But there are two main caveats to the pro-Innovation argument that are often glossed over. The first is the word’s corporate connotations.

Once upon a time, innovation didn’t have a great reputation. It was a punishable crime to the worst degree. It was (ironically) reinvented in the 1930s, grounded in economic theory – it became seen as a source of positive economic change at a time when things weren’t going so well for some national economies. New products would get money flowing again, so the theory went. And a buzzword was born. Benoît Godin has done some excellent research on the evolution of the term and its place in society.

If you’re an ‘innovator’, you’re now a star. You can start trends and make lots of money. And because economic growth is the goal of most countries, innovation is now promoted, not punished. Continue reading

Local food for global thought

I recently visited the town of Bendigo for the first time, a beautiful heritage town in central Victoria, Australia. It was one of the first places gold was discovered in the state, sometime in the 1850s, and much of the town’s original business and residential districts still stand, in all their gold rush glory.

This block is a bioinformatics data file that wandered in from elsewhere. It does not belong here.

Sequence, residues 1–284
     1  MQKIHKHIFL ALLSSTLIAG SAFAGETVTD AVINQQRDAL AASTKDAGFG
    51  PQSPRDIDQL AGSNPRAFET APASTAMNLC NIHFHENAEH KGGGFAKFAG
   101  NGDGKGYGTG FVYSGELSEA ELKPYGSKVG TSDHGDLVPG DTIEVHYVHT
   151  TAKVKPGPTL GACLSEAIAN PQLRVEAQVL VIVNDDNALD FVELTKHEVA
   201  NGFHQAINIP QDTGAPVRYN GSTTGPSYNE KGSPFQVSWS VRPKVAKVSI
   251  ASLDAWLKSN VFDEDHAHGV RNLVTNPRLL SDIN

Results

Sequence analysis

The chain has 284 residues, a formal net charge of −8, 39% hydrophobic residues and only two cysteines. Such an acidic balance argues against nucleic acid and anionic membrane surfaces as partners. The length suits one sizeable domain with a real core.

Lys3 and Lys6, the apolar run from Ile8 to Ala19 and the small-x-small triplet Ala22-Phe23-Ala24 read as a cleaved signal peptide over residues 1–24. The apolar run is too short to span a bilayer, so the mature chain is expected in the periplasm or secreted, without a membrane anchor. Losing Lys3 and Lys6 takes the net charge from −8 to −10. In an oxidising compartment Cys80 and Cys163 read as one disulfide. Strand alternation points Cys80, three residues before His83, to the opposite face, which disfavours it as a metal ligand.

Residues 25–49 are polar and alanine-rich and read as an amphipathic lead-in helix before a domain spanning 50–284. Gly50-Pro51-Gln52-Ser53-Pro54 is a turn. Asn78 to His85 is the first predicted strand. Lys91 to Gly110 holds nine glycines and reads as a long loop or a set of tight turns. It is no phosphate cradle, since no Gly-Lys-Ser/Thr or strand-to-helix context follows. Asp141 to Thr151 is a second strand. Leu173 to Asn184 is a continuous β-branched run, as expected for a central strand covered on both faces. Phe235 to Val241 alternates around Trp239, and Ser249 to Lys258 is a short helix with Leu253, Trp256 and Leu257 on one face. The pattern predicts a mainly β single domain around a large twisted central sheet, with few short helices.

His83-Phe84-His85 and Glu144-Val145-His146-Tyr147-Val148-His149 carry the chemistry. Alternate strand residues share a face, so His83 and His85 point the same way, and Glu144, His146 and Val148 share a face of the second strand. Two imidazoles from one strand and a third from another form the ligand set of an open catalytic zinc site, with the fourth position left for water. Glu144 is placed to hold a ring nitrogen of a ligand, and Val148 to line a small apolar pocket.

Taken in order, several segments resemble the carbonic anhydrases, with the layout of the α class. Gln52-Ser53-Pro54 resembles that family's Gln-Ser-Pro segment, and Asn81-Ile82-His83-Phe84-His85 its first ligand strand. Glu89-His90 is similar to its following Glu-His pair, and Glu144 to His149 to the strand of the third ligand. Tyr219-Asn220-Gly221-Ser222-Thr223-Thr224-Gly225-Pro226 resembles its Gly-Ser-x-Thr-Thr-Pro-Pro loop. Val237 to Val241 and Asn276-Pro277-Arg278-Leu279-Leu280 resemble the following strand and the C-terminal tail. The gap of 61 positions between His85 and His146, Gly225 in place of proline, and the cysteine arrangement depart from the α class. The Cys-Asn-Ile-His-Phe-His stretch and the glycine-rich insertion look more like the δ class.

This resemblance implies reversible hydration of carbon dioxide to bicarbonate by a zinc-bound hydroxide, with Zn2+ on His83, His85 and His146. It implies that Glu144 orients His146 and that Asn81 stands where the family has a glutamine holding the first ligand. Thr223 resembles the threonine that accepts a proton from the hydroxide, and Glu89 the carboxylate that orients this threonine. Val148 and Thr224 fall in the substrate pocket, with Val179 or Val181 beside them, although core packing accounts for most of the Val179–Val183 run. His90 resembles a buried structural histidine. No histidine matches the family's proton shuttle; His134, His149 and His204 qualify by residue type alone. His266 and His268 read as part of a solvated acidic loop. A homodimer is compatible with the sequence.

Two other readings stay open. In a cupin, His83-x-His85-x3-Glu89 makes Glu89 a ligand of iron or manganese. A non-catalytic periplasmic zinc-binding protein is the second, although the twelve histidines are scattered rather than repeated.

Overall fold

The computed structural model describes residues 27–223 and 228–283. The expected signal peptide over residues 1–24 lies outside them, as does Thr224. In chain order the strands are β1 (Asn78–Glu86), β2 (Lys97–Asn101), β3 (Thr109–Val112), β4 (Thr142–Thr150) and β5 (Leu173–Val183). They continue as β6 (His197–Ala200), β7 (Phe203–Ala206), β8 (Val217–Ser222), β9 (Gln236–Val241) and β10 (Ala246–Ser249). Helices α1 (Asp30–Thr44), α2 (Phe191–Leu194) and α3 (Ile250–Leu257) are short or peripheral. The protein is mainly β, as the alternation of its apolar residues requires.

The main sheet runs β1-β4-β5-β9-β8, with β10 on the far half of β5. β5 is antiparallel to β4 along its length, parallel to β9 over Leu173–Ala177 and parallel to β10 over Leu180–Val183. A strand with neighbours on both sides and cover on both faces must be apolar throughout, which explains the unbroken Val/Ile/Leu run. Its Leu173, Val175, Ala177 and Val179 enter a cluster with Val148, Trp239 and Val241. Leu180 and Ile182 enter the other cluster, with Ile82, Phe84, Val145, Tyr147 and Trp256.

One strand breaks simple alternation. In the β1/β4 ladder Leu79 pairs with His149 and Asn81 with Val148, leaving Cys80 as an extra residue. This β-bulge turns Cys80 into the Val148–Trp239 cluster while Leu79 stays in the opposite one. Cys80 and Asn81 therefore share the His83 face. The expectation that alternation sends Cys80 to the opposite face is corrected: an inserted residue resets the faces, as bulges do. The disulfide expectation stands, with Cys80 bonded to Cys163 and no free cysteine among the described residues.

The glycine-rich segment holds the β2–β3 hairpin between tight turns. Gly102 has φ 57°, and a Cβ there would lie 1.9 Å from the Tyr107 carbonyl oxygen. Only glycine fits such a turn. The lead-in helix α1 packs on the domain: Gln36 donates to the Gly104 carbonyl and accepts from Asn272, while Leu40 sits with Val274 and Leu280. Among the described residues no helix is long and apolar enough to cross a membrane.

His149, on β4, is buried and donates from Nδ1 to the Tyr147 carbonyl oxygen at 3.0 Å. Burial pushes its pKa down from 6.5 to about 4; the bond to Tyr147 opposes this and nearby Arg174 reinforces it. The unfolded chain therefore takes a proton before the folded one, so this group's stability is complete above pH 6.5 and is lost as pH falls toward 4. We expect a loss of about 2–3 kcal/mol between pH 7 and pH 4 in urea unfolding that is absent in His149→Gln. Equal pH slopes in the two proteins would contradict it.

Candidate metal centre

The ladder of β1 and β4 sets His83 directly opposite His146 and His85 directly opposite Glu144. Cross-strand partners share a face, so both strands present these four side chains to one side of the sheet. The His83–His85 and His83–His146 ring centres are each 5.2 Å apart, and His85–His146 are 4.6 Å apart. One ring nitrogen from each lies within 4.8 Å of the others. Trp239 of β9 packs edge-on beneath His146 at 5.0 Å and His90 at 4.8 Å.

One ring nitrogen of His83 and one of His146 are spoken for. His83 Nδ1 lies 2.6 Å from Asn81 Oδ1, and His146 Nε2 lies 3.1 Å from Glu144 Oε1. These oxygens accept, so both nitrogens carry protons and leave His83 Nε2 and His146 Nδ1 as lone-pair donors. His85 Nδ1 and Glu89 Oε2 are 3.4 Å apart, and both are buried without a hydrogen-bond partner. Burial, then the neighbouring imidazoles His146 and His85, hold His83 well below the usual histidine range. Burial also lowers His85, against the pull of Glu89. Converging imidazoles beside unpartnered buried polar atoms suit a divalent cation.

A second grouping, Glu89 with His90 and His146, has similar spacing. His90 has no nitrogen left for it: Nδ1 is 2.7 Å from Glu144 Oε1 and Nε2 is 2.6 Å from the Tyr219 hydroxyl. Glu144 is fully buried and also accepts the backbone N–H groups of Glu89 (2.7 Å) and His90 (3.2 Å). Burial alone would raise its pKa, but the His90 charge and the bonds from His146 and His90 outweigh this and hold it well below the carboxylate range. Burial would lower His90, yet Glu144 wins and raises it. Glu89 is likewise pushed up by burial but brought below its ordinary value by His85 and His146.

Bendigo CBD from Rosalind Park
Bendigo CBD from the poppet tower lookout in Rosalind Park

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Data, not just for scientists

Early last year I wrote a post on ecology and mathematics that was inspired by an online discussion happening at the time. Although comprehensive advanced maths skills are not essential to being an influential or inspiring ecologist, a good level of mathematical knowledge and understanding of statistical analysis is definitely necessary to create honest science and communicate the importance of your work to others.